# Please check this for me.

1. Nov 19, 2004

### DrKareem

I just got out of a differential equations exam. In that exam, i had to integrate e^x/x (e power x over x)

I worked it out on scratch, and i came up with this:

e^x = Sum(i=0->infinity){X^n/n!}

So dividing by x we get Sum(i=0->infinity){x^(n-1)/n!}.
By integrating we get e^x.Sum(i=0->infinity){1/n}.
The latter series diverges, so i concluded that we can't find a solution to that integeral. I re-checked the work that lead to that equation like four times, and it was all correct.

So could it be that the there was a fault in the exam?

HALP!!!
(sorry didn't use latex or whatever it is called to represent my calculations)

2. Nov 19, 2004

### matt grime

well, you should check again cos your logic is wrong - the term by term integral doesn't equal what you said it is, and omits to integrate the 1/x term at the beginning as well.

3. Nov 19, 2004

### DrKareem

did't understand.
Integral of x^(n-1)/n!=X^n/n.n! right?

sumation(x^n/n!) is e^x no? so you are left with the harmonic series which diverges.

I can't find that logical error i might have made, can you clarify please?

4. Nov 19, 2004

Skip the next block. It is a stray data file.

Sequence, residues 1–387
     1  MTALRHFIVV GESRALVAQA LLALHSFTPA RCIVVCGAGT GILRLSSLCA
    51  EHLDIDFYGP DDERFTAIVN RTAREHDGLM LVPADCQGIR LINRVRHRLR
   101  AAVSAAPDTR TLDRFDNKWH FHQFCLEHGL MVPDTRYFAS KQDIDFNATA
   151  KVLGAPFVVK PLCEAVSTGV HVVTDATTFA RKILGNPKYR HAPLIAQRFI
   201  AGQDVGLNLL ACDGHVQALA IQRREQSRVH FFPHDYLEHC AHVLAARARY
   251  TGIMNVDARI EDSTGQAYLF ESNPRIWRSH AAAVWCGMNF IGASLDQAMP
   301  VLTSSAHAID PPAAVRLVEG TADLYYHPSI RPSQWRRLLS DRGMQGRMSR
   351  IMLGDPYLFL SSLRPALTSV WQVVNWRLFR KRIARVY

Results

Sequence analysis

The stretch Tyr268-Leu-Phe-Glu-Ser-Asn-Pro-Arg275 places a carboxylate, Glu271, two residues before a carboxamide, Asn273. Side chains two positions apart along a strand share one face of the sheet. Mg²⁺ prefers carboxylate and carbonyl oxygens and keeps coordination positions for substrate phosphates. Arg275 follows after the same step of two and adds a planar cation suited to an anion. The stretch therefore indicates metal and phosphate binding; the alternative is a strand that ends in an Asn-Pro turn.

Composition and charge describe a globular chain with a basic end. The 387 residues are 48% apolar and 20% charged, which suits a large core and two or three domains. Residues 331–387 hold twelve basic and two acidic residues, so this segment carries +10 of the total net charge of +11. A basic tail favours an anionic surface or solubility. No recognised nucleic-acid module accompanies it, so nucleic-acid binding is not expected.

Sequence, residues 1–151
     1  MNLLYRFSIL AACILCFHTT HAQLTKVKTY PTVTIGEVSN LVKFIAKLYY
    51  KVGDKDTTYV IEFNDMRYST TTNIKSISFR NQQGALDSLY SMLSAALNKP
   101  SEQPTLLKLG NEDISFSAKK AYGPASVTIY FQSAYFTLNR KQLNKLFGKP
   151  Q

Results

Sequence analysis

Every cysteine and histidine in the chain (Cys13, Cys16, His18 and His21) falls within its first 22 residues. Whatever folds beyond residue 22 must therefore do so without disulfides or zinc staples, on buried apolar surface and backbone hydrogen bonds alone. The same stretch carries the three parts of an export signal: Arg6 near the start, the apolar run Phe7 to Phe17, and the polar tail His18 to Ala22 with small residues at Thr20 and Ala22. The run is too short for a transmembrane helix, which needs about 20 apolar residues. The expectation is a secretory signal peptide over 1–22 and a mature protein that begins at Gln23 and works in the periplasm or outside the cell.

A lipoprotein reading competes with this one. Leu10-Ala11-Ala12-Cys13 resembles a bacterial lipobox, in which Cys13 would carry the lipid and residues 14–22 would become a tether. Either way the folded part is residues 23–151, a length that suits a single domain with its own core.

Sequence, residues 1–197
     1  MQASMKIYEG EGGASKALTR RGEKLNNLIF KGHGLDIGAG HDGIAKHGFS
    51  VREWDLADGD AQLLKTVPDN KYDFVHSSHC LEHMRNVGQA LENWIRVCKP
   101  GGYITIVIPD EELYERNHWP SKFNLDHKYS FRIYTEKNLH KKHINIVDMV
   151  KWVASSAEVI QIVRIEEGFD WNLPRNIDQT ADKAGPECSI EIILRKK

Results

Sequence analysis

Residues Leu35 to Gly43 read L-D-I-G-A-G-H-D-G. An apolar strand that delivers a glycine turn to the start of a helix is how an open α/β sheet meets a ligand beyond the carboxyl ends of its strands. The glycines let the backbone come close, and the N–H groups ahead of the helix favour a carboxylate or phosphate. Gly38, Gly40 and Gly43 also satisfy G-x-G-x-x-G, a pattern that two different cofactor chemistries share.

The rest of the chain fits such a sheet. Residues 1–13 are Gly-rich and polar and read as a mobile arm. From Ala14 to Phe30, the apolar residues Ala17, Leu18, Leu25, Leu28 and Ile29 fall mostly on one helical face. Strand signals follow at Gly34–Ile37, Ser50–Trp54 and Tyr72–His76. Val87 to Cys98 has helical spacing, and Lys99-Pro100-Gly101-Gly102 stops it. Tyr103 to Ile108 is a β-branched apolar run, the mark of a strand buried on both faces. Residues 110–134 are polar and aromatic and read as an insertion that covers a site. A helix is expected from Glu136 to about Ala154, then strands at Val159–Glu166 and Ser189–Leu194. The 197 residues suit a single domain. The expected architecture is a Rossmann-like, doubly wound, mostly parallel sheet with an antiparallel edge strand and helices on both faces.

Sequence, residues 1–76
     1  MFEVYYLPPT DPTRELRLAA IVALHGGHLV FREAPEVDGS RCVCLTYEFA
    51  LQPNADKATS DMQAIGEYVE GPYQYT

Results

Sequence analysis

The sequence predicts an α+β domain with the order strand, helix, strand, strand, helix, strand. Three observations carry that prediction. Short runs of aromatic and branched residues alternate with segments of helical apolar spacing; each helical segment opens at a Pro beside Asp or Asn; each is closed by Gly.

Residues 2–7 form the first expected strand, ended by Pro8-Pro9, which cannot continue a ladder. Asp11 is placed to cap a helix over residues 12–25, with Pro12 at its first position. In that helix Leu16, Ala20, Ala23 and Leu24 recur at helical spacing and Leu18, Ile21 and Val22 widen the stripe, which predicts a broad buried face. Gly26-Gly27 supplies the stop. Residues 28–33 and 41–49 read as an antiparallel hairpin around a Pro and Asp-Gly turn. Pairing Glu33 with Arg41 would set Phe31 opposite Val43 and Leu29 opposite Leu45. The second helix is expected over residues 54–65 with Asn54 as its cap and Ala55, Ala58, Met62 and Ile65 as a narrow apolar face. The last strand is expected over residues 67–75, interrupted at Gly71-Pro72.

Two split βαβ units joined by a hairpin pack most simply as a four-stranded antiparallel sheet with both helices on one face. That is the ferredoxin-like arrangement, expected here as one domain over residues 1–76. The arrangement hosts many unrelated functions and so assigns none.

### NateTG

Well, for starters you should recogonize that
$$\frac{x}{n} < \frac{x}{n!}$$
so it's not the harmonic series.

I assume you wanted to do something like:
$$\frac{1}{x}e^x=\frac{1}{x} \sum \frac{x^n}{n!}=\sum \frac{x^{n-1}}{n!}=\sum \frac{x^{n-1}}{n(n-1)!}$$
but it's not at all clear to me what that last sum is going to be equal to.

Mathematica/Wolfram indicate that the result is pretty ugly.

Last edited: Nov 19, 2004
5. Nov 19, 2004

### DrKareem

Hmm, can you clarify those? didn't get what you're typing...can't see it

6. Nov 19, 2004

### DrKareem

OH, and you'd get 1/n, not x/n.

the series 1/n diverges....

7. Nov 19, 2004

### DrKareem

$$e^x=\sum\frac{x^n}{n!}$$,

$$\frac{e^x}{x}=\frac{e^n-1}{n!}$$, This should be e^(n-1)/n!, dunn why it isn't working with Latex

$$\int\frac{e^x}{x}dx=\int\frac{e^n}{n.n!}$$,

But $$\frac{x^n}{n!}=e^x$$,

Thus$$\int \frac{e^x}{x}dx=e^x.\sum \frac{1}{n}$$,

But $$\sum \frac{1}{n}$$ would diverge, thus the integral can't be found.

Edit: Hmmm, i read the Latex help file, and i doesn't seem to work :/

Last edited: Nov 19, 2004
8. Nov 19, 2004

### Muzza

You need to end things with [ /tex] (no space). You have reversed the /-sign (to \).

9. Nov 19, 2004

### DrKareem

yep sorted it out now :) thx

Come to think of it, i do have a hole in my logic lol....how can i integrate with respect to n, can I? dun think so :P

*kareem is the newb*

10. Nov 19, 2004

### NateTG

To group in Latex use {}'s - for example e^{n-1}.
As in
$$\frac{e^x}{x}\neq\frac{e^{n-1}}{n!}$$
but
$$\frac{e^x}{x} = \sum_{n=0}^{\infty} \frac{x^{n-1}}{n!}$$

11. Nov 20, 2004

### DrKareem

Yes, i was aware of that, but i just didn't bother, that was unproffesional :(